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What do 3D Animators Do?

3D animators create an imaginary word that appears so real, you see people, cartoon characters, and objects move around in realistic space. Not only do they move, but they move within an ever-changing backdrop and they interact with it and other characters. It's the work of 3D animators that make the fictional realm real to the viewer: lighting, shadows, movement all change as the subjects move about the imaginary world.

It's hard to find a sector in our modern world of online and broadcast media that does not feature rich animations. That's why 3D animators work in a wide range of professions that draw upon their expertise for creating entertainment, educational, or sales-related animations that capture an audience and plunge them into a dazzling visual world. From console and computer video games, to simulators for military flight or combat training, 3D animators take flat narrative storylines into realistic or fantastic dimensions using state-of-the-art software.

Most 3D animators received detailed, career-focused training at colleges, universities, and dedicated design arts schools where they study animation history, story creation techniques, 3D rendering software, and digital editing computer programs. Sophisticated software used at schools and in the industry today helps 3D animators create figures from wire-frame models or "light suit" technologies that capture human motion.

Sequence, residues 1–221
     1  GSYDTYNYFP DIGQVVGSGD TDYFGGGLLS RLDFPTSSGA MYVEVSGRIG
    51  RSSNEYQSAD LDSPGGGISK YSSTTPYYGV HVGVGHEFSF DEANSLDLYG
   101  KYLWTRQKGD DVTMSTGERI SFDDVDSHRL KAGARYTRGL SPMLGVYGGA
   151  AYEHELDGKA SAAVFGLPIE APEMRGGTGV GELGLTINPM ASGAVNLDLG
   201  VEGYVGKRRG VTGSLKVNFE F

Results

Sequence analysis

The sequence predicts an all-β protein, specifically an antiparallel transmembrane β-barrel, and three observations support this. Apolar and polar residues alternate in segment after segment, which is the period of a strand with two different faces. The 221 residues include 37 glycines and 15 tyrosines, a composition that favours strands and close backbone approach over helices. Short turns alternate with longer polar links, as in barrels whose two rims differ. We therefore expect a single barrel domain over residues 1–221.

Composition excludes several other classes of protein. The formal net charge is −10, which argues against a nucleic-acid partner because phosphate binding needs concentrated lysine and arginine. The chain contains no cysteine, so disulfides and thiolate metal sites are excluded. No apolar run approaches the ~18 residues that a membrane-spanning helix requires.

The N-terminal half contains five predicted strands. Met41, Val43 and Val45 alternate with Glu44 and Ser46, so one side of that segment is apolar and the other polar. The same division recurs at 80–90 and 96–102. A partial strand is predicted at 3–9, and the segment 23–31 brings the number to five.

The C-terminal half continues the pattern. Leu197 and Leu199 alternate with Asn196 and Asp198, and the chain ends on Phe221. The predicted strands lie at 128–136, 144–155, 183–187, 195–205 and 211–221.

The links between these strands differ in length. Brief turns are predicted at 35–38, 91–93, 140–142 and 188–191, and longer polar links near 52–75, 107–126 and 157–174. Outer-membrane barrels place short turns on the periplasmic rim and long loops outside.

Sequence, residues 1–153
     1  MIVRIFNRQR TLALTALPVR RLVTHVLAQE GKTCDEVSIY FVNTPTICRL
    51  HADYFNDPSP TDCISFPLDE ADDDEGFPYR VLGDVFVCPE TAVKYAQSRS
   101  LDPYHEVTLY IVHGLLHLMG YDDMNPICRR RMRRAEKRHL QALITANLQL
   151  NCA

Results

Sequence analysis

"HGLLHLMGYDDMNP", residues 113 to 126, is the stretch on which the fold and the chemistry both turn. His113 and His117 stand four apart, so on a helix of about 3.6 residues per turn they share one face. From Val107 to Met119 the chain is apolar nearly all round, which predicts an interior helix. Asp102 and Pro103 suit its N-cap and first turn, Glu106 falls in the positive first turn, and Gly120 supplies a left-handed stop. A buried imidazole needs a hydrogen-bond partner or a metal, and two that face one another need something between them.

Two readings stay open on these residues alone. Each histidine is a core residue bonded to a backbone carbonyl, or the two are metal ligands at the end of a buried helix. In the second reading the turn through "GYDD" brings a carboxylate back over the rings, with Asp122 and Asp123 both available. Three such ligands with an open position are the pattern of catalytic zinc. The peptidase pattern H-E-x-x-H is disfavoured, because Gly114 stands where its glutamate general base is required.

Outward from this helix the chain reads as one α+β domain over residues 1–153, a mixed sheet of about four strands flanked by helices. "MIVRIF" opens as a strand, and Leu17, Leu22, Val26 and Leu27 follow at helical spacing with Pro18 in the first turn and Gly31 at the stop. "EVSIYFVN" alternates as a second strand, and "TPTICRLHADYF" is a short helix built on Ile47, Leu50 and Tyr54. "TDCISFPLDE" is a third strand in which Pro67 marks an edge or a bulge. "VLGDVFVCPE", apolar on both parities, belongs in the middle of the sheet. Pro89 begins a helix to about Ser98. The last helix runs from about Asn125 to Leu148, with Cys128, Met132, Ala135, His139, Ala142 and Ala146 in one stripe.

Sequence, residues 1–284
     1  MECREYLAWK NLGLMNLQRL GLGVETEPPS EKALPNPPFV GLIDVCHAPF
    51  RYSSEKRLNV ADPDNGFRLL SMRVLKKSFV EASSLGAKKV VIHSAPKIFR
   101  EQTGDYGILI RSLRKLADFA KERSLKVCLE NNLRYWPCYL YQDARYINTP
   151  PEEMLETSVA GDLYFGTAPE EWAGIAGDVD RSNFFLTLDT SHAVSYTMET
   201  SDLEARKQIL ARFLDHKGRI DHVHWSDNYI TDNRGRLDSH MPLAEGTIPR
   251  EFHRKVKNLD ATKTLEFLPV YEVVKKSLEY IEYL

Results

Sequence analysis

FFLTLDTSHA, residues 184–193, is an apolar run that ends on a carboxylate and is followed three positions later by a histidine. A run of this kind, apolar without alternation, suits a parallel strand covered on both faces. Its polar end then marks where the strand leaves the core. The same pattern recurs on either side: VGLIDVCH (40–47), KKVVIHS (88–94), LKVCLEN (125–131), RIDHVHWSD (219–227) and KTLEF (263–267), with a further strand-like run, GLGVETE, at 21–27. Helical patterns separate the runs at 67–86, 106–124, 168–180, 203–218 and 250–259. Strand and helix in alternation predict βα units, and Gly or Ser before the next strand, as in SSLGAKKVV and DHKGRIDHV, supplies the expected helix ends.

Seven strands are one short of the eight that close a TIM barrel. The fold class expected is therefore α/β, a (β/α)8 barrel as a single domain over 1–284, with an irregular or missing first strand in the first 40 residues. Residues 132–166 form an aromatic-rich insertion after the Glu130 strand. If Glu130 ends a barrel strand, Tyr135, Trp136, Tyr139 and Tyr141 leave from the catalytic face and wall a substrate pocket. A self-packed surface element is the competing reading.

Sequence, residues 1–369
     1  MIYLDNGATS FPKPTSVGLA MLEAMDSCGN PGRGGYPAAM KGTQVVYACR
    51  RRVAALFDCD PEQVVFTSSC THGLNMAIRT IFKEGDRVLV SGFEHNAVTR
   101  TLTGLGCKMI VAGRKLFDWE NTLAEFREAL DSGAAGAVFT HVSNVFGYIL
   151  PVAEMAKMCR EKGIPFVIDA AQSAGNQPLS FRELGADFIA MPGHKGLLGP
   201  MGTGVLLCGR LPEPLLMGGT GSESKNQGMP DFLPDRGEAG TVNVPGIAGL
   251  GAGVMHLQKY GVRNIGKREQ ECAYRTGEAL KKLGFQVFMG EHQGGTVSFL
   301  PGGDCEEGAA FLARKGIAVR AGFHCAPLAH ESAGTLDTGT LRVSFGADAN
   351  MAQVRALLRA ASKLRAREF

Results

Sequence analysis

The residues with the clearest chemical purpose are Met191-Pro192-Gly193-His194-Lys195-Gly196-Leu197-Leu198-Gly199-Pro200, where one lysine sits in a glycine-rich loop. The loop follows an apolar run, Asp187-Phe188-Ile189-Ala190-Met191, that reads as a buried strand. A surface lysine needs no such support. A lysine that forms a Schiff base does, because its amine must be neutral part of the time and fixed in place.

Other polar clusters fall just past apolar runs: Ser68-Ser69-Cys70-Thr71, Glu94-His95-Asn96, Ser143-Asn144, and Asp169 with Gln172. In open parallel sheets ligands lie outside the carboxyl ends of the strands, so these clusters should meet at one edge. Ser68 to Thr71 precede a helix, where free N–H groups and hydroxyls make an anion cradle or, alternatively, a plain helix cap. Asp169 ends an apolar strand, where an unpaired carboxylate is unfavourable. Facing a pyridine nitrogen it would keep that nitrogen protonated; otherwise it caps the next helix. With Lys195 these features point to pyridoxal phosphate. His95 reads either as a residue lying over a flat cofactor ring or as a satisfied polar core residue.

Work for accomplished, well-trained 3D animators remains in high demand at Hollywood movie studios, at national and local television production studios, at game design companies, with corporate and government training and HR departments, at PR and advertising companies, and with business marketing firms.

A Brief Overview of 3D Animation Itself

The 3D animation process is fascinating. Images are manipulated by computer software so that they give the impression of movement in a world with depth, texture, varying colors, and sound. In many ways, computer animation resembles the frame-by-frame illusion created by traditional film cell animations created by hand. But today's robust 3D software such as Maya allows animators to move figures and objects about a realistic 3D space without having to draw it all from scratch in every frame.

Before the animation can be composed, the initial design of each character and object has to be completed as 3D models. These models are often first fleshed out through concept art sketched and painting out by concept artisits. From there, the 3D modelers can take this concept art and create it's 3D counterpart. Most animation software is based on vector graphics that take flat, stick-figure or wire-frame characters and build dimensional movement for each character -- typically based on human attributes.

The computers that process the animation themselves are built on an advanced hardware platform, including multiple processors that can crunch the 3D data in seconds via a technique known as "rendering", enabling animators to see their creations move about in real time. Animators use this give and take rendering procedure to position their creations in 3D space in relation to other characters, objects, textures, shadows, and lighting features.

Animators rely on state-of-the-art software programs as well as on proprietary design and editing software that is created by individual studios. Often software packages combine the features of several programs to give animators a set of tools that cuts down the total number of passes over each frame and saves valuable time.


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